The amount of graffiti found in Ahwatukee Foothills increased in 2011, according to the Ahwatukee Board of Management (ABM).
Chris Gentis, vice president of ABM said the homeowners association painted more than 26 cases of graffiti in 2011. Though there's no official record of years prior, he says it's a significant increase. Gentis, a retired police supervisor who was actually part of the team that set up the graffiti hotline, says from looking at all the photos the HOA has taken of the graffiti he believes most, if not all, of the graffiti was done by taggers and is not considered to be gang related.
"Tagging crews go around and they tag their mark or their symbol and they try to get it on whatever they can get it on, and they compete with each other," Gentis said. "That's why you see it on the freeway signs where they hang upside down or climb a pole. They try to do more brave and brazen acts at times. I've looked at all the pictures over the last 12 months and they're virtually all tagging. The general feeling of the public and our residents is it's still a quality of life issue, which we agree with. People feel uncomfortable when things like that start to happen."
The HOA tries to work closely with graffiti detectives to make sure all graffiti found on their property is carefully documented before it is painted over. Gentis says they have a lot of evidence to use against anyone found tagging again.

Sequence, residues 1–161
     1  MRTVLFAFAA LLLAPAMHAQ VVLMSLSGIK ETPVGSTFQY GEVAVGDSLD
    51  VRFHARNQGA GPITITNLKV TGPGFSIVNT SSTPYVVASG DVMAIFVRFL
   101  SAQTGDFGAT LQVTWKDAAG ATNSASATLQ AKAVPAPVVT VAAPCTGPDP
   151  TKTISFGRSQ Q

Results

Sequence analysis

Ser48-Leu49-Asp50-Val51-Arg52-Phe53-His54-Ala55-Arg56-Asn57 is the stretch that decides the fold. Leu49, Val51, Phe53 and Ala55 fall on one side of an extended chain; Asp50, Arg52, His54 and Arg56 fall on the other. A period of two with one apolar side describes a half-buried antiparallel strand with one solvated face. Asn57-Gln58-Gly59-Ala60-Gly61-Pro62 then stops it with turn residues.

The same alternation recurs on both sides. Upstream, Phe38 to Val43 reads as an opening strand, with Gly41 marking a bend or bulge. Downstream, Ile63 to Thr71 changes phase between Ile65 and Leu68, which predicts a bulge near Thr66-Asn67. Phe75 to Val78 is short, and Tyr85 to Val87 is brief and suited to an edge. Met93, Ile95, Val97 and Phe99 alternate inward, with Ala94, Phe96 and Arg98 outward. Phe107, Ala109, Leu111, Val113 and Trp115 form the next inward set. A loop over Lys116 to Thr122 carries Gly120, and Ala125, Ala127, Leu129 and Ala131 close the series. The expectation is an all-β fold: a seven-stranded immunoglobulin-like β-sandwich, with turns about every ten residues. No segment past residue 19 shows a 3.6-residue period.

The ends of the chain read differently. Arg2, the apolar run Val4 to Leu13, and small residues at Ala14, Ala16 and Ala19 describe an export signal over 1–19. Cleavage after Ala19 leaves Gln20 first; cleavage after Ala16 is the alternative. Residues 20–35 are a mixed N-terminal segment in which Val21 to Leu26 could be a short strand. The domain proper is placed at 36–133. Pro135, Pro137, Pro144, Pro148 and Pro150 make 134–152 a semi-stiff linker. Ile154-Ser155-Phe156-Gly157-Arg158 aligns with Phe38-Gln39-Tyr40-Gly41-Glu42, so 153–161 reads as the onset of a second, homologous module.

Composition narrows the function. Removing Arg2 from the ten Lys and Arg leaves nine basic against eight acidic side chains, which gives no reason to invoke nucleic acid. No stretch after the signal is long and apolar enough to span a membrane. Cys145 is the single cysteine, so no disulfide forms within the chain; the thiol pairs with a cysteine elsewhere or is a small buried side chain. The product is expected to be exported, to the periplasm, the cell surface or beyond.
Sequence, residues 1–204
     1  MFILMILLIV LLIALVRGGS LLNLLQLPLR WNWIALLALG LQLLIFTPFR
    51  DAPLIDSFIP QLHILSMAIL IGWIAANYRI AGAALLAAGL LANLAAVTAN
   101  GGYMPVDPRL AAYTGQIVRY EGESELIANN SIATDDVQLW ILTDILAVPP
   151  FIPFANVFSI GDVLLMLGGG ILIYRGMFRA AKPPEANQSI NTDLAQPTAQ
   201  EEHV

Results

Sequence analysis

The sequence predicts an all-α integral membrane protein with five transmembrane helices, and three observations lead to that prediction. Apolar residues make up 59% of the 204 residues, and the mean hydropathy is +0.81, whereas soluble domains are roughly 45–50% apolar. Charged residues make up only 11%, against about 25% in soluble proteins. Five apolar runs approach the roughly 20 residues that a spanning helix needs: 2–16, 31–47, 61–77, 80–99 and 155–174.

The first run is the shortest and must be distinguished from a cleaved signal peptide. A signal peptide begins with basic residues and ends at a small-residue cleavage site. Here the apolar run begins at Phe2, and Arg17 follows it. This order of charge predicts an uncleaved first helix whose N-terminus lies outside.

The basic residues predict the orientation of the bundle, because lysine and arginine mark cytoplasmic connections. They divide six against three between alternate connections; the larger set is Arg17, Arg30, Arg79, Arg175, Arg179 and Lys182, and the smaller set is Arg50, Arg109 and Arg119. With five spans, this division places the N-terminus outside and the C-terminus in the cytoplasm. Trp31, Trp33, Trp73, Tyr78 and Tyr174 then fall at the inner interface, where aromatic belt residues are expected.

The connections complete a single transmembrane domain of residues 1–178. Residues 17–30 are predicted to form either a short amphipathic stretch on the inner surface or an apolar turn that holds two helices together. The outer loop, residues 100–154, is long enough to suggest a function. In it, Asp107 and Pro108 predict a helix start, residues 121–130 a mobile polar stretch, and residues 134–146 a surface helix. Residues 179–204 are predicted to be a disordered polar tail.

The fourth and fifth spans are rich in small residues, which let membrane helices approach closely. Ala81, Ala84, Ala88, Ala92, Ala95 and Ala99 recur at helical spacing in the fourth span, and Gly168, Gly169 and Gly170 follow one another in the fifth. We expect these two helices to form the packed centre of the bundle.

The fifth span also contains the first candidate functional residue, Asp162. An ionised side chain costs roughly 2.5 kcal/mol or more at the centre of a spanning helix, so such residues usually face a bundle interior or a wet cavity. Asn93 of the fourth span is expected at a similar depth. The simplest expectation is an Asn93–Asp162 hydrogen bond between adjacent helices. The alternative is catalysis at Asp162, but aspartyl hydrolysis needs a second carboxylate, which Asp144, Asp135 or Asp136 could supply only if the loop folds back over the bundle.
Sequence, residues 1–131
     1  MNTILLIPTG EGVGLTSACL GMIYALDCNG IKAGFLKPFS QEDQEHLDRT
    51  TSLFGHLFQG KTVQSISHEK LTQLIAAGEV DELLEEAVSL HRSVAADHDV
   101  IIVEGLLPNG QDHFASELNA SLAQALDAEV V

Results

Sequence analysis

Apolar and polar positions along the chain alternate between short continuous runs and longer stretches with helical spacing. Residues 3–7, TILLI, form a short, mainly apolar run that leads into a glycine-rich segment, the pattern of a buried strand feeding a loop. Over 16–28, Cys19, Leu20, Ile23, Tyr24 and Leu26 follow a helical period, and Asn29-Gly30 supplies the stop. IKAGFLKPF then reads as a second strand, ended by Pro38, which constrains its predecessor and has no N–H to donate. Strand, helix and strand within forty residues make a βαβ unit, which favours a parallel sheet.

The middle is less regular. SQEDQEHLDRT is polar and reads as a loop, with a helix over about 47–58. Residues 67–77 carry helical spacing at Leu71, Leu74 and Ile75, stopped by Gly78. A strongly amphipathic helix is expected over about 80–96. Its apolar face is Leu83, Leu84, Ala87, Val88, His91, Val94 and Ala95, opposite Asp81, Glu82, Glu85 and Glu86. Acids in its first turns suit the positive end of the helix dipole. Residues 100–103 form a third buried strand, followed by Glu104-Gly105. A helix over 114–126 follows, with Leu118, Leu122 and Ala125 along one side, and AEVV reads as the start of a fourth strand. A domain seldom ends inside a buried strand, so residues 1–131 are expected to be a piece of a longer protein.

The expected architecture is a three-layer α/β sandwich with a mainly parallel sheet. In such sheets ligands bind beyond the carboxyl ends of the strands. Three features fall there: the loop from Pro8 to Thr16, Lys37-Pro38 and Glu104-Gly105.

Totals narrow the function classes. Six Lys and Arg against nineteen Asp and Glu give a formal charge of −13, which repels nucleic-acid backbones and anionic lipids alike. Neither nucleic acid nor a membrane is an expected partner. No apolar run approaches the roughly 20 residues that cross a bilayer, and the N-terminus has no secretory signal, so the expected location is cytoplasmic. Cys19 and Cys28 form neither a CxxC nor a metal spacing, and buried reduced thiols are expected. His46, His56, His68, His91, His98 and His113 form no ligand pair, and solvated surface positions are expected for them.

Phoenix and its surrounding cities have ordinances in place to keep minors from buying paint, but Gentis said graffiti is not always done by minors and it's not uncommon anywhere in the world. In his experience he says many taggers are middle-class kids and their parents are usually surprised. However, if they're paying close attention and notice any kind of tagging on their kid's notebooks or in their room, it's probably out on the street somewhere as well.
The city of Phoenix has been working to increase ways residents can report graffiti. They now have systems in place to text it in, call, email and even an app for smartphones to take a photo of the graffiti and alert a crew that it needs to be painted over. Blight Busters will paint out graffiti for free, but it may take a few weeks for crews to respond once they've been notified. Gentis said ABM will paint out any graffiti on its property, using paint provided by the city, and can usually respond within 24 hours on business days. Many other HOAs in the Ahwatukee Foothills area will also help residents paint over any graffiti.
The Phoenix Police Department suggests keeping your property well lit and installing motion sensitive lights to keep would-be taggers away from your property. Also, maintain your property well and try to use landscaping that would eliminate bare, easy to reach walls, such as vines, tall bushes or prickly plants.
For more information on city programs to cut down on graffiti or to report graffiti in your neighborhood, visit www.phoenix.gov/nsd/programs/graffiti.
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